The Human knee

How does the human knee move? There are two phases of motion the first takes your knee from fully extended to being bent approximately 90-degrees. The second phase of motion is when your knee moves past 90-degrees until it is fully bent, which
is about 155-degrees.

During this first phase of motion, the knee literally pivots, with the outside compartment of the knee moving backwards more rapidly than the inside compartment. Past 90-degrees, your knee moves backwards evenly, with a combination of rolling and sliding.

Traditional knee
replacement designs

How do knee replacements move? Unlike your natural knee, most knee replacements lack any pivot motion. The movement consists of sliding and rolling through both phases of motion, with only a slight pivot of the outside compartment (rather than the inside compartment like your natural knee).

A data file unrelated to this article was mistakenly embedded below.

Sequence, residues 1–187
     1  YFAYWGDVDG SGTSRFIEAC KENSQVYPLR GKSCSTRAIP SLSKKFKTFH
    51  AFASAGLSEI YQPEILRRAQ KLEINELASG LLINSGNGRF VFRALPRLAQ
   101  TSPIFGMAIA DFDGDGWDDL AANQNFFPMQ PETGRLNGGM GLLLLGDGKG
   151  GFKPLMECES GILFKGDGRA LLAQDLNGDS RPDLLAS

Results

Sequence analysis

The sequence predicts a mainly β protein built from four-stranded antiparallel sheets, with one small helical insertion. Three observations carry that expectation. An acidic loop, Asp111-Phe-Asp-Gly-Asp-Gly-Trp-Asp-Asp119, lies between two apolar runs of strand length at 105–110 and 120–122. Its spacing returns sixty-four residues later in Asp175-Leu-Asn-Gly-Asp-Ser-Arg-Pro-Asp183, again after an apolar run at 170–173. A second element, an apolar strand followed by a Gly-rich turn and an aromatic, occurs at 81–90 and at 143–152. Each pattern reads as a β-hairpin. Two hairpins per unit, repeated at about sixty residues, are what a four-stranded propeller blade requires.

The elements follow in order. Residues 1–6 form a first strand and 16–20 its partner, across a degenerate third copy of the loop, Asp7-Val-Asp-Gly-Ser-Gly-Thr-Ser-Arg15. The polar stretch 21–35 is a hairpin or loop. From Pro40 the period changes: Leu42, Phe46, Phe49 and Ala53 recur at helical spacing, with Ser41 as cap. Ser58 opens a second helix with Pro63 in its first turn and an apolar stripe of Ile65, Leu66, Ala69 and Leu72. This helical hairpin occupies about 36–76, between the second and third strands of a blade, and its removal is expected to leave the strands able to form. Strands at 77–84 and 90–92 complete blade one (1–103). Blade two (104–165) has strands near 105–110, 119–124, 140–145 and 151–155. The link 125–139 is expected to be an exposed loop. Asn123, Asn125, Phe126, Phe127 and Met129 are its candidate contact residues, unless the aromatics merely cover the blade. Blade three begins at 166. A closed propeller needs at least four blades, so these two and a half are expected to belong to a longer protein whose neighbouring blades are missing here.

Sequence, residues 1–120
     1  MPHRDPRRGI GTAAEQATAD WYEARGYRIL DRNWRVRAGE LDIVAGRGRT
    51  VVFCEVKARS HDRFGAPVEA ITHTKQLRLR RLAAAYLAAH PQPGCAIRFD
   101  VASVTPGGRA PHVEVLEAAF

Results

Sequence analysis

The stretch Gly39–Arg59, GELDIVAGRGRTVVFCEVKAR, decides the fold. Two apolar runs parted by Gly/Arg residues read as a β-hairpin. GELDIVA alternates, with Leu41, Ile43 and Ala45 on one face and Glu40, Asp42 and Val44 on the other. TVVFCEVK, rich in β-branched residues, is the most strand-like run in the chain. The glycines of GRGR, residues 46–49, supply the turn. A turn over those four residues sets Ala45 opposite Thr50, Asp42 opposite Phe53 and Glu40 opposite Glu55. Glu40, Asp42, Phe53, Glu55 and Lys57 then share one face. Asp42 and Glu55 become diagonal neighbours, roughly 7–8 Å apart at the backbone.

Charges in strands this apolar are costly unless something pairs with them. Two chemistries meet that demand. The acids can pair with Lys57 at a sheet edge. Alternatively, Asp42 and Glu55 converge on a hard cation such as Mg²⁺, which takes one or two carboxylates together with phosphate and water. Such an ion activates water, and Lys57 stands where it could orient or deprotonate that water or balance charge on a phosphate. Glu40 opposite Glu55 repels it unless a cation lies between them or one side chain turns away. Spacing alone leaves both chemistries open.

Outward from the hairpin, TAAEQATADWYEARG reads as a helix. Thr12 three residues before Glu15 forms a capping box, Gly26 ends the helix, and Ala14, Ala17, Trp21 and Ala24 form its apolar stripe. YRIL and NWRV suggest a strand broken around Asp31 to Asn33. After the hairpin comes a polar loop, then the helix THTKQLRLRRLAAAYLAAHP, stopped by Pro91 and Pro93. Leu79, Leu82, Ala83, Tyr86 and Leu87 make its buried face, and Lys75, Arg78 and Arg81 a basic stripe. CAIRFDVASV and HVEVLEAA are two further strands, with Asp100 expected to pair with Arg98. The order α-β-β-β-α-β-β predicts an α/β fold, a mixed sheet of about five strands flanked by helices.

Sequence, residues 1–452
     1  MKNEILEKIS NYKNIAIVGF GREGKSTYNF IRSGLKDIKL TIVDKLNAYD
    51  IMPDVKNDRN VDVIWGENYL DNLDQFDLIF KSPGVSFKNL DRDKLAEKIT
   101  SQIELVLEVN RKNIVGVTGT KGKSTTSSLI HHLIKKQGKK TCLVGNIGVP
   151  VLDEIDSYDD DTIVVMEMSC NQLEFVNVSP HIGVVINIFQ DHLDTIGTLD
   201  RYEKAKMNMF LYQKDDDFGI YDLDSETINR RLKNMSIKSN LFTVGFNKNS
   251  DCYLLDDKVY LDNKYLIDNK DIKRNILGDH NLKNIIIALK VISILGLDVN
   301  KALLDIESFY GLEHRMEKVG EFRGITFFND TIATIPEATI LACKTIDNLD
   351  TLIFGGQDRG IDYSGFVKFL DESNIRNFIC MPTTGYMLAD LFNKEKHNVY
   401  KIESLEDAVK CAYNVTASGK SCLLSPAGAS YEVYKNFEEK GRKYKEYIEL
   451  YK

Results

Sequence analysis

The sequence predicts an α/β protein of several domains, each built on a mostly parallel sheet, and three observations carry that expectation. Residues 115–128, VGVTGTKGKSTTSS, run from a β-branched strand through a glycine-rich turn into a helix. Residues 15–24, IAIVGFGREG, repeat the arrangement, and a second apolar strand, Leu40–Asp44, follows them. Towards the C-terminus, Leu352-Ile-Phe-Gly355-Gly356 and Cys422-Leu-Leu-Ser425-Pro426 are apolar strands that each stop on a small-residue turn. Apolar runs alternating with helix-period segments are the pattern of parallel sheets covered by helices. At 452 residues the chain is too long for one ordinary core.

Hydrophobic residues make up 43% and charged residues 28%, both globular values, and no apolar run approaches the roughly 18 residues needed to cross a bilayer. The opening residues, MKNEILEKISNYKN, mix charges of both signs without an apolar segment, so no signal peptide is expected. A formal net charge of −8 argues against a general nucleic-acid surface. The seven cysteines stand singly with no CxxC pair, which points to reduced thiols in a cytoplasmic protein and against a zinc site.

Also, your knee cap can become slightly misaligned when your knee is fully bent. This makes your quadricep muscle pull at an awkward angle, which causes pain and discomfort.

The JOURNEY* knee

How does the JOURNEY knee move? Just like your natural knee, the JOURNEY knee has two distinct phases of motion—the first takes your knee from being fully extended to being bent approximately 90-degrees. The second phase of motion is when your knee moves past 90-degrees until it is fully bent, which is about 155-degrees.

During this first phase of motion, the knee pivots in a similar fashion to your original knee, with the outside compartment of the knee moving backwards more rapidly than the inside compartment. Past 90-degrees, your knee moves backwards nearly evenly, with a combination of rolling and sliding as your natural knee would.